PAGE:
- Graphics: A reasonably modern graphics card (Direct3D 10.0 / OpenGL 3.0). A graphics card that supports Direct3D 11 / OpenGL 4.4 / Vulkan 1.1 is recommended.
Dolphin is shipped with default settings for the most optimal performance, you do not usually need to change anything on your first time Dolphin setup.
Enable Dual Core
Provides a significant speedup on modern systems. Recommended on most titles, though may cause issues like crashing or graphic issues on some titles. Refer to this page for a list of titles that require disabling Dual Core.
CPU Emulator Engine
JIT Recompiler is the fastest engine and is recommended on almost all titles. There are a few titles that work better with different emulator engines but unplayably slow.
DSP HLE is the fastest DSP Emulator Engine. It is very reliable, and only a few titles still have problems with it. See DSP LLE for more details. Cubeb is the faster backend. Recommended on almost all titles.
Some of these settings will improve emulation compatibility in exchange of PC performance.
- Depending on the game and the graphics card: Vulkan will generally provide the best performance for Nvidia and AMD, while D3D12 is preferred on Intel. D3D11 is a good fallback option for stability or compatibility reasons. OpenGL should be avoided on AMD and Intel GPUs on Windows due to poorly optimized drivers.
- V-Sync helps prevent screen tearing.
- Use Fullscreen toggles between fullscreen and windowed mode.
- Exclusive Fullscreen is available on Windows, it gives Dolphin full control over the graphics card. This results in minimal latency which is important for competitive games such as Super Smash Bros. Melee. More details on its benefits can be found on Progress Report of July 2014. D3D and Vulkan are well supported for Exclusive Fullscreen. Support on OpenGL is more of a hack. Exclusive fullscreen is enabled by default when it is supported, it can be disabled by checking the Borderless Fullscreen checkbox under Graphics > Advanced > Misc.
- Asynchronous (Ubershaders) is the recommended setting for most GPUs as it reduces shader compilation stutter with minimal performance impact.
- Synchronous should be used as a fallback for older systems or GPUs that do not work well with ubershaders such as some mobile GPUs.
- Synchronous (Ubershaders) is the most effective at reducing shader compilation stutter but should only be used on high-end dedicated GPUs; otherwise general performance will be severely impacted.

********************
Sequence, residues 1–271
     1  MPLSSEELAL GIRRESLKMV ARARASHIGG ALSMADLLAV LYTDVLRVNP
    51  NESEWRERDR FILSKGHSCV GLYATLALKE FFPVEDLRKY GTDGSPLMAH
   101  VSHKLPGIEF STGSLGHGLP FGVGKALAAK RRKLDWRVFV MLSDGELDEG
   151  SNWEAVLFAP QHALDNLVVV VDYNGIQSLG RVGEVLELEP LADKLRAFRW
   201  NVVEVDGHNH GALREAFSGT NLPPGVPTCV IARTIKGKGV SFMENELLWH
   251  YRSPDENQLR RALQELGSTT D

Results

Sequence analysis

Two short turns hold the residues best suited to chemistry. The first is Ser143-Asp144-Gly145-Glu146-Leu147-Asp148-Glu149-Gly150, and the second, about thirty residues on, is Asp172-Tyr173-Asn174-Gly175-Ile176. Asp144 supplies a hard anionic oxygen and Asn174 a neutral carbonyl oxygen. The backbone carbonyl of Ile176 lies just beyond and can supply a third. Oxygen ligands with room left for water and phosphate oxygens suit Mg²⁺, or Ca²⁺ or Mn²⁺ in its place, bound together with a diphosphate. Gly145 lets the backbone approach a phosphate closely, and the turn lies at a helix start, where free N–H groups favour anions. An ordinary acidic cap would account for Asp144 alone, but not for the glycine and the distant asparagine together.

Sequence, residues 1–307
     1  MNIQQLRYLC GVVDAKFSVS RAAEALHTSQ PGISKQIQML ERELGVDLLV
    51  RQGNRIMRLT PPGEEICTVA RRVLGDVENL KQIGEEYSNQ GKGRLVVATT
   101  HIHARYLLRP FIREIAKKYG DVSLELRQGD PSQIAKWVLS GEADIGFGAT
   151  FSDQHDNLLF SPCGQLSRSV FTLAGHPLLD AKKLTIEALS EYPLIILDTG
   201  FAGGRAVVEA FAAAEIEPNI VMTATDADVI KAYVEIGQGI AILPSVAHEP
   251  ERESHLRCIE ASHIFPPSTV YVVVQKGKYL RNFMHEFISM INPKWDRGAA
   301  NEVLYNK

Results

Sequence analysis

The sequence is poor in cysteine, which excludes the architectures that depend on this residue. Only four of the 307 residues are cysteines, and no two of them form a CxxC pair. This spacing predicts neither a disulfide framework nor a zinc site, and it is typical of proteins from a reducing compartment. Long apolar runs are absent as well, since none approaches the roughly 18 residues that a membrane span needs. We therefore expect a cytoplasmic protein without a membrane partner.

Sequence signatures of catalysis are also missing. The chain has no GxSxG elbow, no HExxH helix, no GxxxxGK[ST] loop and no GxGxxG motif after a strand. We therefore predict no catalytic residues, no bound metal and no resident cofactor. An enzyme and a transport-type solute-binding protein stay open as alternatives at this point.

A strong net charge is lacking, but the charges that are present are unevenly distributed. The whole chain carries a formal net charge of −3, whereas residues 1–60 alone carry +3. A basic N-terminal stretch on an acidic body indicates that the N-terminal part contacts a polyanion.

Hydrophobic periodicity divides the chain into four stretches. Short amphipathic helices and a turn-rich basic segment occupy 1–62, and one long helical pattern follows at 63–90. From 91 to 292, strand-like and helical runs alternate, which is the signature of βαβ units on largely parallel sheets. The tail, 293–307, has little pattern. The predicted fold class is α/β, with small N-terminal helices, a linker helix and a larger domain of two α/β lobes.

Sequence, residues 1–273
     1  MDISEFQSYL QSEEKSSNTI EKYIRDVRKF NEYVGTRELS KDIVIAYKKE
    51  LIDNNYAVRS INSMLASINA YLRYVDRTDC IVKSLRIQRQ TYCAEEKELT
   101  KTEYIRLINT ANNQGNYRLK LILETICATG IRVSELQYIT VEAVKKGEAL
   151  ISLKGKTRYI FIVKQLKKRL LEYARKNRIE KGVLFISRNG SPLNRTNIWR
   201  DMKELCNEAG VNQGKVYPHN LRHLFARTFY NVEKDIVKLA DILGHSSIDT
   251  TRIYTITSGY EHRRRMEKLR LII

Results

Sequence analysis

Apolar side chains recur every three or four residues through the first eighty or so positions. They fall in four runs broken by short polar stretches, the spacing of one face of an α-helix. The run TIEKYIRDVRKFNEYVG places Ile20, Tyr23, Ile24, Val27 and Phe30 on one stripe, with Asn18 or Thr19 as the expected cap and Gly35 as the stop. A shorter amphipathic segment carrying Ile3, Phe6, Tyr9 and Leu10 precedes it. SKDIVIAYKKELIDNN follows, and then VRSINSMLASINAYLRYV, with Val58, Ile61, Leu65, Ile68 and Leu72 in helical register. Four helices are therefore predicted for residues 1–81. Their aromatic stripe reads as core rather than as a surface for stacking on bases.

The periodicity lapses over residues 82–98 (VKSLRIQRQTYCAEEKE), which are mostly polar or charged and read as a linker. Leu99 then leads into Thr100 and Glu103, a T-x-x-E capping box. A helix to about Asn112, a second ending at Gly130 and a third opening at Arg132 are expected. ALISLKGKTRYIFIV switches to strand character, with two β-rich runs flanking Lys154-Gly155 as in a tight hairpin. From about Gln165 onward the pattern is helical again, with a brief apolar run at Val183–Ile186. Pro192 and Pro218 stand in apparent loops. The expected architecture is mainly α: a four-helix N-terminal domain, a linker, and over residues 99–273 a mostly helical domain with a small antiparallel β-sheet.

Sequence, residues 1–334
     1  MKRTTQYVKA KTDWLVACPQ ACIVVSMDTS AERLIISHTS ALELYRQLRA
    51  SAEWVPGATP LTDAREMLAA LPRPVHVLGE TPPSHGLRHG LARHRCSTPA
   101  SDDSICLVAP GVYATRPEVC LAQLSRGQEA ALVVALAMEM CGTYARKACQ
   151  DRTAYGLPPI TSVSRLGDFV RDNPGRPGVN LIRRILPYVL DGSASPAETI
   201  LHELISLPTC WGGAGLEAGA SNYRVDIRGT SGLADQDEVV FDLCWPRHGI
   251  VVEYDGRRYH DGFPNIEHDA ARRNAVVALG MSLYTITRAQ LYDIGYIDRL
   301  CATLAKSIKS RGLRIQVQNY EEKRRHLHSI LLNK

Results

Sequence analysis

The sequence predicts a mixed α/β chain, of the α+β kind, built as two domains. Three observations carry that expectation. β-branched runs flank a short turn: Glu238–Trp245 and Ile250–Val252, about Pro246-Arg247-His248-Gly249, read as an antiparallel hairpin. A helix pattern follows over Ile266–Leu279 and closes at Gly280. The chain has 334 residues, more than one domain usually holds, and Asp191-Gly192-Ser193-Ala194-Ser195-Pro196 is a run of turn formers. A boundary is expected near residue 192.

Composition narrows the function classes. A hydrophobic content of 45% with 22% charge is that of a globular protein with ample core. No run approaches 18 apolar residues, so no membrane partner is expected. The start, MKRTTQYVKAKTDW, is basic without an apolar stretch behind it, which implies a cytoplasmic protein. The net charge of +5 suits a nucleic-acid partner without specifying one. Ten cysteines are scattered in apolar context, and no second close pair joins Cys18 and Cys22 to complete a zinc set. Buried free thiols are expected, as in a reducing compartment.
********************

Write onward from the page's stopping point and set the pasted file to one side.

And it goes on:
- Asynchronous (Skip Drawing) is NOT recommended as it causes rendering issues in many games.
- Compile Shaders Before Starting can reduce in game shader compilation stutter once a cache is built in exchange for longer game startup times.
The emulation can suffer slowdowns from extreme multiplier options in Internal Resolution, Anisotropic Filtering, and Anti-Aliasing settings. Start with minimum option like '1x Native (640x528)', and go up from there until you can find the highest setting without slowdown. Keep in mind non-1x options may cause graphical issues in some titles.
Dual Core Optimizer Should I Remove It Now
- Skip EFB Access from CPU - Provides a speed boost. However it provides this boost at the expense of emulation accuracy, breaking some titles and removing effects. It's off by default for greater emulation accuracy.
- Ignore Format Changes - The vast majority of titles don't care about this, and it provides a small boost. However a small number of titles hate this setting. It's enabled by default.
- Store EFB Copies to Texture Only - Enabled by default. Disable it only when running a game that requires it. Refer this page for a list of titles that require disabling it.
- Texture Cache - Setting the slider on the 'Fast' position will improve performance greatly, but it may cause graphical glitches in some games (Most commonly missing text).
- Fast Depth Calculation - Uses a less accurate method of calculating depth values. Gives a small speedup, but can cause flickering textures.
- Disable Bounding Box - Don't emulate bounding box calculation, which is only required for a limited set of titles, mostly Paper Mario titles.
- Vertex Rounding - Rounding 2D vertices to whole pixels, fixes graphical glitches seen in several titles at higher internal resolutions.